“It’s extremely important from a social investment perspective to get this right,” says Petersen. “It’s so costly to have these damaged children who go on to become damaged adults.”
A New World of Treatment
Pioneering health practitioners have made great strides in developing increasingly effective programs to target the effects of youth poverty and other specific types of adversity. But these may not be effective for all vulnerable children at all ages. For families, health practitioners, and others, the application of science to the problem of childhood mental illness opens up a new world of treatment. In the same way that scientists are developing customized treatments for cancer, epigenetics will allow them to create tailored interventions for individuals or specific groups.
“Grounded in science, we can develop new ideas and take those to practitioners who are facing problems with children for whom current interventions aren’t working,” says Jack Shonkoff, professor of child health and development at Harvard University’s Center on the Developing Child. Shonkoff’s Frontiers of Innovation initiative is working to understand the consequences of early trauma and determine what prompts changes in a child’s development. “The science can help us be more precise about why we’re doing the things we’re doing,” he says.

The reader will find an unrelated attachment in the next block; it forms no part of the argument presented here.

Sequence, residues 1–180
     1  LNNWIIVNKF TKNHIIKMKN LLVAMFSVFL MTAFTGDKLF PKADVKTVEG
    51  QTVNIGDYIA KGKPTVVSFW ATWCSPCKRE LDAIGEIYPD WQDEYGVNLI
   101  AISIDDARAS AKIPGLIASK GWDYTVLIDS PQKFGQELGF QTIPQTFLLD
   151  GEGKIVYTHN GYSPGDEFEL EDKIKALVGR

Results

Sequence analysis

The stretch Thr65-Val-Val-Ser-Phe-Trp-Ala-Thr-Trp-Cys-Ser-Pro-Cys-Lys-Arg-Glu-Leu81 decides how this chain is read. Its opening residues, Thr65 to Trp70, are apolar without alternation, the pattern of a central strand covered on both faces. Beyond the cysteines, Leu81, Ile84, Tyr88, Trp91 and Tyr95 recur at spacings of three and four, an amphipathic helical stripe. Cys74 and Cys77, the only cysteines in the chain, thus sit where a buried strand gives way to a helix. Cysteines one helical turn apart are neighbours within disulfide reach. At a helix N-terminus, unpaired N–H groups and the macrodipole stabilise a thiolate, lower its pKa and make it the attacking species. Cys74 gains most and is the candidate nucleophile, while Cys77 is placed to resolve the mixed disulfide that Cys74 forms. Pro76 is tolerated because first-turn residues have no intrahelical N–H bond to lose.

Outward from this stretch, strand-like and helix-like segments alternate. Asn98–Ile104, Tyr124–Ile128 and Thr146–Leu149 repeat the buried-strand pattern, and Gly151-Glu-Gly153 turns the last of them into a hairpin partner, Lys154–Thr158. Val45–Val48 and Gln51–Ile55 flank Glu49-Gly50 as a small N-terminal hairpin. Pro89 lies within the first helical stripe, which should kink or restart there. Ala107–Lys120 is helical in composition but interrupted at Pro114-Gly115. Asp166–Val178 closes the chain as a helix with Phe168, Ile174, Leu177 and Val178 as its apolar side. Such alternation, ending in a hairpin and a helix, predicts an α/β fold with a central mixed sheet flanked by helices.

Interventions like the Nurse-Family Partnership home visitation program will also benefit from epigenetic advances. Founded on the work of David Olds—professor of pediatrics, psychiatry, and preventive medicine at the University of Colorado and one of Meaney’s partners—the organization helps low-income, first-time mothers cope better with pregnancy, and provides them with training and support focused on their child’s health and development that continues until the child is two years old.
“Let’s say you find individuals who have particular configuration of genetic vulnerability and you know that certain types of experiences are likely to lead to compromised development,” says Olds. “Then you might focus on that segment of the population.”